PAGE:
If your tarantula has escaped and you’re wondering if it can climb up walls then you’ve come to the right place.
The answer to this question is quite simple if we split tarantulas into two distinct groups; the arboreal tarantulas that live in trees, and ground dwelling or burrowing tarantulas.
Some arboreal tarantulas are able to climb up walls, however most terrestrial tarantulas are too bulky to successfully climb them.
Arboreal Vs Terrestrial Tarantulas
Arboreal tarantulas are so-called because they climb trees and spend most of their lives off the ground. They may spin luxurious silken retreats way up in the tree canopy, or may use tree holes or pieces of loose bark to hide away in.
Such tarantulas tend to be excellent climbers for obvious reasons. They’re also quite “slight” in appearance, often having relatively small abdomens and long, thin legs.
Due to the lifestyle they have developed, arboreal tarantulas are quite capable of scaling the walls in your home. It is not unusual for an escaped arboreal tarantula to make it to your ceiling, so it may be necessary to stand on a chair or ladder in order to reach them.
Examples of arboreal tarantulas include:
- Pink Toes – the Avicularia genus.
- Martinique Pink Toe – Caribena veriscolor
- Psalmoeous tarantulas – such as the Venezuelan Suntiger (P. irminia), Trinidad Chevron (P. cambridgei) and Costa Rica Orange Mouth (P. reduncas).
- Indian Ornamentals – the Poecilotheria genus.
Should one of these spiders get out they are highly likely to seek refuge off the ground. So look on walls, around the ceiling, or behind pieces of furniture where they may have found a resting place some distance from the ground.
Terrestrial tarantulas, on the whole, are chunkier, heavier and more thick-set. While they may successfully climb up the sides of their tank from time-to-time, they’re unlikely to fully scale the walls of your house. They’re simply too heavy for this to be an easy task.
Furthermore, whether such tarantulas normally dig a burrow, or go hide under a log or a rock, their “default” answer to safety is trying to find somewhere down low to hide. An escaped terrestrial tarantula is most likely to be found on, or close to, the ground. For example they may scurry under a low piece of furniture to feel safe.
An example of this would be a King Baboon juvenile (Pelinobius muticus) that managed to get out in my spider room some years back. Knowing it was a terrestrial species I started the hunt around the floor, and sure enough found the spider in one corner of the room, at floor level, hiding under a low bookshelf.
Examples of these heavier tarantulas that won’t normally climb walls include:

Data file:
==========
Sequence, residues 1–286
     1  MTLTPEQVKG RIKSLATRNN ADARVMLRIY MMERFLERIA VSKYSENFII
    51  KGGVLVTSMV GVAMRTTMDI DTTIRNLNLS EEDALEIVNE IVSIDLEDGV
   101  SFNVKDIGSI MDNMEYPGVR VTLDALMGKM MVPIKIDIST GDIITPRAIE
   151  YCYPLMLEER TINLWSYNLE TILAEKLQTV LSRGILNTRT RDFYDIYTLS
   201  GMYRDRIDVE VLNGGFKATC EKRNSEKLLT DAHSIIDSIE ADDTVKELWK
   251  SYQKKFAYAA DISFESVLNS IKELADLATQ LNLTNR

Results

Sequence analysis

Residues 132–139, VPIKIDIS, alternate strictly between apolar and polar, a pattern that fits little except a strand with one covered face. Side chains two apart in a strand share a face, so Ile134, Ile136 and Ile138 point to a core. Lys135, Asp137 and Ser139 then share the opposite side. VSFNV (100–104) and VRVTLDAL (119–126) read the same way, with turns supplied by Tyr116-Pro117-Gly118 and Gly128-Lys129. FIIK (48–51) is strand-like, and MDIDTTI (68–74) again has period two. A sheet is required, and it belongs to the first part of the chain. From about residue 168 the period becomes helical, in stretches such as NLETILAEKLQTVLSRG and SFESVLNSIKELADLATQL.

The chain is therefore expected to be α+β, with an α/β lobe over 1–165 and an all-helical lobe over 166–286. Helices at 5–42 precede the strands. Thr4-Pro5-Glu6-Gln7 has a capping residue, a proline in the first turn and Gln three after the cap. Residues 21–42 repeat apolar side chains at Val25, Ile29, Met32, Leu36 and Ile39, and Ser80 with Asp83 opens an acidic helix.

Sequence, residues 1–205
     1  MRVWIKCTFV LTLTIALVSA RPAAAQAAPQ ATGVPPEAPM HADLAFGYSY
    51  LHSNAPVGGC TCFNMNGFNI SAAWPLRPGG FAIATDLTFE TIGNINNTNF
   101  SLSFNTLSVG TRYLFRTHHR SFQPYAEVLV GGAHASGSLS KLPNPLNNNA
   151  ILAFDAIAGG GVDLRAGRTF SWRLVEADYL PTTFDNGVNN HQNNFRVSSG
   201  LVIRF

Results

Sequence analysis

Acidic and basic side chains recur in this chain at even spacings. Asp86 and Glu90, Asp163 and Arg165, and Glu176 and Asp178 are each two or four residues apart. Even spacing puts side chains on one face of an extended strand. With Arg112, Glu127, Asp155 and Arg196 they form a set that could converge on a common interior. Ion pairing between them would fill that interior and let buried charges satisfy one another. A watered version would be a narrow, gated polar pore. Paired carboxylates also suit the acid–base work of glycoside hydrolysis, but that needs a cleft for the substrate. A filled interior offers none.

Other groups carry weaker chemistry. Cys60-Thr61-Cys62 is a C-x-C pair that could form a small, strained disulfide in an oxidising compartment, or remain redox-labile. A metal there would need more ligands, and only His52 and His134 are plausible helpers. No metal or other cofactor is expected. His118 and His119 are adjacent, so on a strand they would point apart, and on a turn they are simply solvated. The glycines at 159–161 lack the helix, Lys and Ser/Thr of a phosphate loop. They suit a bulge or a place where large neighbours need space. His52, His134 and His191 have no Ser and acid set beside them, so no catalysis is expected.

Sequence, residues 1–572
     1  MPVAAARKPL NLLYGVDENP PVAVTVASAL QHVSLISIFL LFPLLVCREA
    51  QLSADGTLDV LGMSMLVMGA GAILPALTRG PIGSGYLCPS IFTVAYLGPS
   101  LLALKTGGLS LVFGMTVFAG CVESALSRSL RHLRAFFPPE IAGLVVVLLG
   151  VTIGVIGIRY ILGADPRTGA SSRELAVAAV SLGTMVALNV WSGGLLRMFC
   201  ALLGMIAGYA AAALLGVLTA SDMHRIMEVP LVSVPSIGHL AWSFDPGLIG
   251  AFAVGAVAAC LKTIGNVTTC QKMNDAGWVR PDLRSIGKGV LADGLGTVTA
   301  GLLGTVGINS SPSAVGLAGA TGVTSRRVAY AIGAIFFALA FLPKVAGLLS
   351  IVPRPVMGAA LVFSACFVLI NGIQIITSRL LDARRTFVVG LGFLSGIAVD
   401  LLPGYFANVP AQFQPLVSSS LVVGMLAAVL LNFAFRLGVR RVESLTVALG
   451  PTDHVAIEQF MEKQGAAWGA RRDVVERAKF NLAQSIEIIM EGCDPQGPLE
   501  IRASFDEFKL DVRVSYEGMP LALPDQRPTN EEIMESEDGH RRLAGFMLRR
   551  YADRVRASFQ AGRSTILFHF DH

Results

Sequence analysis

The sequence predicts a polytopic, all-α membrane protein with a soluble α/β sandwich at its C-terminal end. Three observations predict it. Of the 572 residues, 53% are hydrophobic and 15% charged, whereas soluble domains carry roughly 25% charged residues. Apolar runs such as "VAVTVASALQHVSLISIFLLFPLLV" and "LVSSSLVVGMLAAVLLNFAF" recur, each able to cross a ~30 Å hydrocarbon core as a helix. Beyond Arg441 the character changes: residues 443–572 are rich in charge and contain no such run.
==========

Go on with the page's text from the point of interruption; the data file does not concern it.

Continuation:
- Brachypelma genus – Mexican Red Knees, Mexican Red Leg and so on.
- Grammostola genus – Brazilian Blacks, Chacho Golden Knee etc
- Lasiodora genus – Salmon Pinks and their cousins.
Can Tarantulas Climb Plastic?
While only a small proportion of tarantula can climb walls, most tarantulas are able to climb up the sides of a plastic tank. The specific lifestyle of the tarantula really doesn’t matter.
Even a heavy Brachypelma hamorii that has fed recently will be more than able to scale the sides of a plastic vivarium. This is one reason why ensuring all your tarantula cages have a tight-fitting lid is absolutely crucial.
Can Tarantulas Climb Glass?
Most tarantulas can also easily climb glass.
While terrestrial tarantulas are most likely to spend the majority of their time at ground level – or even below it in burrowing species – they may still be seen climbing the glass walls of their terrarium.
Unfortunately, this can have serious implications for the care of such tarantulas. A heavy tarantula not adapted for life off the ground can easily be harmed if it falls from even a modest height. The reality is that the abdomen of a tarantula is soft, sensitive and quite heavy. A fall can rupture this part of a tarantulas’ body, leading to an untimely death.
A result of this is that many keepers of terrestrial tarantulas like to keep them in reasonably low cages. In this way, should your tarantula try to climb the walls, and then fall off in the process, they won’t fall far enough to do themselves any real damage.
Can Tarantula Climb the Side of a Bath?
For some reason it seems there is a myth that tarantulas cannot climb up the sides of a bathtub.
For this reason, many people like to rehouse faster or more aggressive species in their bath, safe in the knowledge that the tarantula is unable to scale the vertical sides.
However, this is largely not the case.
Many tarantulas are able to climb even the shiny enamel sides of a bath.
This is especially so for smaller tarantulas, which naturally therefore weigh less than a big, chunky old female Brachypelma.
That’s not to say you shouldn’t do rehouses in your bathtub. Even to this day I still actually use this technique myself. But don’t assume that a tarantula in a bath can’t climb out. Doing it in the bath simply means you have more time to react before they reach freedom.
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